I WANT A DOG (Part II)

Discussion in 'Off Topic Chat' started by Corry, Aug 8, 2006.

  1. Corry

    Corry Flirtacious and Bodacious Supporting Member

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    Alright, so it's ok'd with the landlord now, so sometime after I get back from my trip CORRY WILL BECOME A DOG OWNER!!!!

    The purpose of this new thread is this:

    I've been a dog owner before, but it's been a while, and I lived at home still, so even though it was MY dog, I wasn't the only one taking care of it. Plus, I've never adopted from a shelter, or started from scratch where I didn't have any supplies ahead of time that my brother used for his dog. So...I wanna make sure I am prepared completely and have all the bases covered.

    I already know I won't have to worry about shots right away, or about spaying/neutering, cuz I'm adopting from a shelter.

    Ok...here is my list of things I will need:

    Leash
    Collar
    brush

    food and water bowls (I plan to get a continuous feeder for the water bowl, but a regular bowl for the food)

    small fold out table or something similar...might already have that covered though (I have cats....I'm gonna need a place for the cat's food that the dog can't get to, as we just leave a continuous feeder out for them)

    Crate...this isn't really something I can get until I know what dog I'm getting, so I can get the proper size...if I end up with a very small dog, I'm already covered

    food (obviously)
    Treats
    chew bones and toys
    animal urine cleaner til he/she is trained
    Doggie bed, or something that can be used as one
    tags

    Things I need to do:
    Dog proof the house
    Set it up to take the dog directly from the shelter to the vet to be checked over before coming in contact with my cats
    Microchipping
    Have flea medication for both the dog and my cats ready, just in case (the cats have never had fleas, but just in case the dog comes home with them)


    ....am I forgetting anything?

    Also, advice and tips on getting cats and dogs used to each other would be wonderful.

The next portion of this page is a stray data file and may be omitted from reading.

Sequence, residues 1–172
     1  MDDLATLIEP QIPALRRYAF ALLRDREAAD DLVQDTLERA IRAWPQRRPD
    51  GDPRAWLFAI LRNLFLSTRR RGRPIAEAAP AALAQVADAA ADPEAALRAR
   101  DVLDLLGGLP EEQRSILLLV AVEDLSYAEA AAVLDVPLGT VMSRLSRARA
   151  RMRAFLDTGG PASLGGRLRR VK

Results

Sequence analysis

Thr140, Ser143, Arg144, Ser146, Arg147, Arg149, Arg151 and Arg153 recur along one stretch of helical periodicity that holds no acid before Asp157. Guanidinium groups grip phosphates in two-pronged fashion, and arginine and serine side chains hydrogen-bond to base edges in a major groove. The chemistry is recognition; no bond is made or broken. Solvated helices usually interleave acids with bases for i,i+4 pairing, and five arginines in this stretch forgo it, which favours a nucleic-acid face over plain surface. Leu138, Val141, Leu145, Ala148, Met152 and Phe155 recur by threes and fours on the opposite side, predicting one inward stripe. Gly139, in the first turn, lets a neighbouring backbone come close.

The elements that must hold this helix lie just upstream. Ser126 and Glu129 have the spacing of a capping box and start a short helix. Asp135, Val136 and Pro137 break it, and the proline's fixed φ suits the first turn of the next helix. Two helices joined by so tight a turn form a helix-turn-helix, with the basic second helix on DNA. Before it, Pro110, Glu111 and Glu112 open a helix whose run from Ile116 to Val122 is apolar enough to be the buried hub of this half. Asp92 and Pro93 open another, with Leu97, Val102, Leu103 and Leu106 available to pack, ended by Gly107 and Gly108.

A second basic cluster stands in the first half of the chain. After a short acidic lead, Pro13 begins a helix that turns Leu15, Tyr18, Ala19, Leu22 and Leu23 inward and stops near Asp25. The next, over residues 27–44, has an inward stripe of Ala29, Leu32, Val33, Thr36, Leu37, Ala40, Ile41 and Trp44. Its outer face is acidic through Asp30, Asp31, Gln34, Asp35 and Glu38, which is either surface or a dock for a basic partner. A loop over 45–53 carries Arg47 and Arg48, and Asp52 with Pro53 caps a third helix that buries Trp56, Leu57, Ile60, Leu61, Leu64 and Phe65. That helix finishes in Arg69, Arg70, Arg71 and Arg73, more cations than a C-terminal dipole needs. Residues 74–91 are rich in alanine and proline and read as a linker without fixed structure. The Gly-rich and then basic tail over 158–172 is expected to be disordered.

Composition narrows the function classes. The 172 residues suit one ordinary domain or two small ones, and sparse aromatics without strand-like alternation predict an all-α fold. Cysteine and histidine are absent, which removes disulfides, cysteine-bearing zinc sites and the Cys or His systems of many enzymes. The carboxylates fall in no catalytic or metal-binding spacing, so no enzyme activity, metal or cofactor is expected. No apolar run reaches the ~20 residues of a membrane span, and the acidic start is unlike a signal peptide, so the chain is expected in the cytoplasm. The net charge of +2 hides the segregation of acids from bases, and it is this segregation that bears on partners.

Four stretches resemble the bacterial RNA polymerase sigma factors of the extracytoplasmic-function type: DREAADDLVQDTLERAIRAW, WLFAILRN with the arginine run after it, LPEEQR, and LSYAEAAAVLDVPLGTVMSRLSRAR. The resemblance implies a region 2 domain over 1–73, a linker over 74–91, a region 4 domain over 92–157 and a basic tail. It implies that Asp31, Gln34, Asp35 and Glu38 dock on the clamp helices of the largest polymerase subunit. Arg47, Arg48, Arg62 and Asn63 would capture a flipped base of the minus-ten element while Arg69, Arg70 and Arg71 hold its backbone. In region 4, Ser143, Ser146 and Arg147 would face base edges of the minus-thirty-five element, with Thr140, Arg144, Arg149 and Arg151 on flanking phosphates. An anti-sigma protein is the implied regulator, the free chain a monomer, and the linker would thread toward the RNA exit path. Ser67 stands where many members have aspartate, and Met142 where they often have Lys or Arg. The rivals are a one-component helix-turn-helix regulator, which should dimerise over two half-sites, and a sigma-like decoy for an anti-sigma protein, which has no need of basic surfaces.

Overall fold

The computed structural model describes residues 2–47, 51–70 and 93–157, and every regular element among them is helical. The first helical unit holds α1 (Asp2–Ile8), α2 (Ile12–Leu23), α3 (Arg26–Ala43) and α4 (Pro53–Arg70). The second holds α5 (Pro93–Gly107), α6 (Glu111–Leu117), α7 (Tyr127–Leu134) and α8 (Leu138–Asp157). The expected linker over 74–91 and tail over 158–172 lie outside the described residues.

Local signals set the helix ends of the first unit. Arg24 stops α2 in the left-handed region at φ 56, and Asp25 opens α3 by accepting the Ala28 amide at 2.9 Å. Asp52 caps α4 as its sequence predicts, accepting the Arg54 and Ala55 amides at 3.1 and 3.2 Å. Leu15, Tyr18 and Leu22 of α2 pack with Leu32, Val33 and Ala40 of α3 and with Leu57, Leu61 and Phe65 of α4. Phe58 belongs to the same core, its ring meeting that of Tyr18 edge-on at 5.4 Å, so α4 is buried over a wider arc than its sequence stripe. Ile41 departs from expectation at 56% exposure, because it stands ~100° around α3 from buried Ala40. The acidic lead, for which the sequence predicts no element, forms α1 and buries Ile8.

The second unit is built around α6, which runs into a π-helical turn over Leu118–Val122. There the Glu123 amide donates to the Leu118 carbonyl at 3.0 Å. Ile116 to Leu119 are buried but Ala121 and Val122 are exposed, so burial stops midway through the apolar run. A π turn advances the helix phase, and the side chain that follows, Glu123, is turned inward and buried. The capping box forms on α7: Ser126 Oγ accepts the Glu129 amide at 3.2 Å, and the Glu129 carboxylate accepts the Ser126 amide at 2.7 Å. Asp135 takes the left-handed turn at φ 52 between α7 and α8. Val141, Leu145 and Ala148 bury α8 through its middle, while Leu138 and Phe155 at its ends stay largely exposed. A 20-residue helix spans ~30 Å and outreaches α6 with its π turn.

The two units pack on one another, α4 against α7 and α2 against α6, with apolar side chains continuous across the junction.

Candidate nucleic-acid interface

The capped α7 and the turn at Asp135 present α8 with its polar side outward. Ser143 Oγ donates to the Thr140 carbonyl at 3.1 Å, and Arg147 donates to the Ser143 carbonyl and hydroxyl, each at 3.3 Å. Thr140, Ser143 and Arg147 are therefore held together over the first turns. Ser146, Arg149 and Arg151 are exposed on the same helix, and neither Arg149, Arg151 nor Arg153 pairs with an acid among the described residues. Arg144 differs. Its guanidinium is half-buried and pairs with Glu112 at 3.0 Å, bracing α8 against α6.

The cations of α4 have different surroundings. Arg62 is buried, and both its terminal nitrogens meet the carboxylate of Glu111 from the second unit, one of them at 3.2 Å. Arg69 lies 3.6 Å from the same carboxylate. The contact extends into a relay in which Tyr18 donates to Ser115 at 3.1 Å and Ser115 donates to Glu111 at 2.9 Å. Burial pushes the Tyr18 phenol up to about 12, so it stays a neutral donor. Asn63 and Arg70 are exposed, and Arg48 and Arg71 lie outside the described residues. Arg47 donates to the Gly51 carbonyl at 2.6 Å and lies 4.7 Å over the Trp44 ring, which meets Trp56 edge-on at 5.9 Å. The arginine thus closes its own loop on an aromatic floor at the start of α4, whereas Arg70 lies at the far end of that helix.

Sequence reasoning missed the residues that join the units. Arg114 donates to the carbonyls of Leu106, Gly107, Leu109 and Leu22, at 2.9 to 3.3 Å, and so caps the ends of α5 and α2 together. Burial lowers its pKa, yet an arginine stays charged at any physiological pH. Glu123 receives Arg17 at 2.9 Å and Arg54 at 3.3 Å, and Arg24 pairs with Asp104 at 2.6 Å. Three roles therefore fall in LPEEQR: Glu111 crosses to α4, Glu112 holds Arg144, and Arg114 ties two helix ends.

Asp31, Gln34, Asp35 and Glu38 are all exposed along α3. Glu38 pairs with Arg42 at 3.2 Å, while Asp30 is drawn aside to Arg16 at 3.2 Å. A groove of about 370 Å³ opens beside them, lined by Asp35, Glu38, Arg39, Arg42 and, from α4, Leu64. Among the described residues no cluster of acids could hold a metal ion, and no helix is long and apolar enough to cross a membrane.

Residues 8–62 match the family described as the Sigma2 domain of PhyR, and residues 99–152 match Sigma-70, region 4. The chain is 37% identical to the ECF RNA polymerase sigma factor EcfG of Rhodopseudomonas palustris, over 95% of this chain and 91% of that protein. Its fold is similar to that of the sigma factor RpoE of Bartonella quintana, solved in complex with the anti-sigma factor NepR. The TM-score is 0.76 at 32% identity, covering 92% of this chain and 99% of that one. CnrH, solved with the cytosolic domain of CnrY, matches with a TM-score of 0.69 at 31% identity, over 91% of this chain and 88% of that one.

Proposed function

2. midget patrol

    midget patrol TPF Noob!

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    We used to have a cat and a large golden retriever. Now we have two large goldens. The point is, they'll get along once they get used to each other. There's not really much you can do except keep one eye on them to make sure they don't fight. The cat(s) might be territorial at first, but they should warm up eventually.

    A folded up old blanket works wonderfully as a dog bed. Or you can spend a couple of bucks and get some great ones from any pet store.

    Chances are, if you're getting it from a shelter, it's already house-trained but it might need a refresher. ;)

    You might have to do some experimenting with bones and toys. Some dogs are picky about what they like and what they don't. I'd start off with a rope/pull toy, at least one ball, and a rawhide and go from there.

    You'll want flea/tick medication and heartworm medication.

    When you take it to the vet after picking it up from the shelter, I would recommend getting any vaccines/shots that the vet suggests.

    For treats, I highly recommend Milkbones. They're delicious. ;)

    Best of luck to you!
     
  3. mentos_007

    mentos_007 The Freshmaker!

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    YES! you are forgetting about ... LOVE! I am sure the dog can wait a couple of minutes whne you run to the shop to buy something you forgot if he/she knows you LOVE him/she :D

    aaaaaand... remember about a doggie towel and washing powder... ehhmm.. doggie shampoo :)

    and... I think doggie bed is a simple waste of money.. my diggie doesn't want to sleep in his bed... he sleeps on my dad's armchair...
     
  4. terri

    terri Administrator Staff Member Supporting Member

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    When I first brought Odin home, Jinx had long reigned as Supreme Queen in our home.....then this crazy pug comes trotting in the door, promptly sniffed, licked, and then completely chewed up a couple of her old soft catnip toys while she watched in disgusted amazement. She's hated him ever since :mrgreen: but - she has definitely come to tolerate him. Her hissing and paw-smacks are almost playful these days, she never hurts him and he is cheerfully oblivious.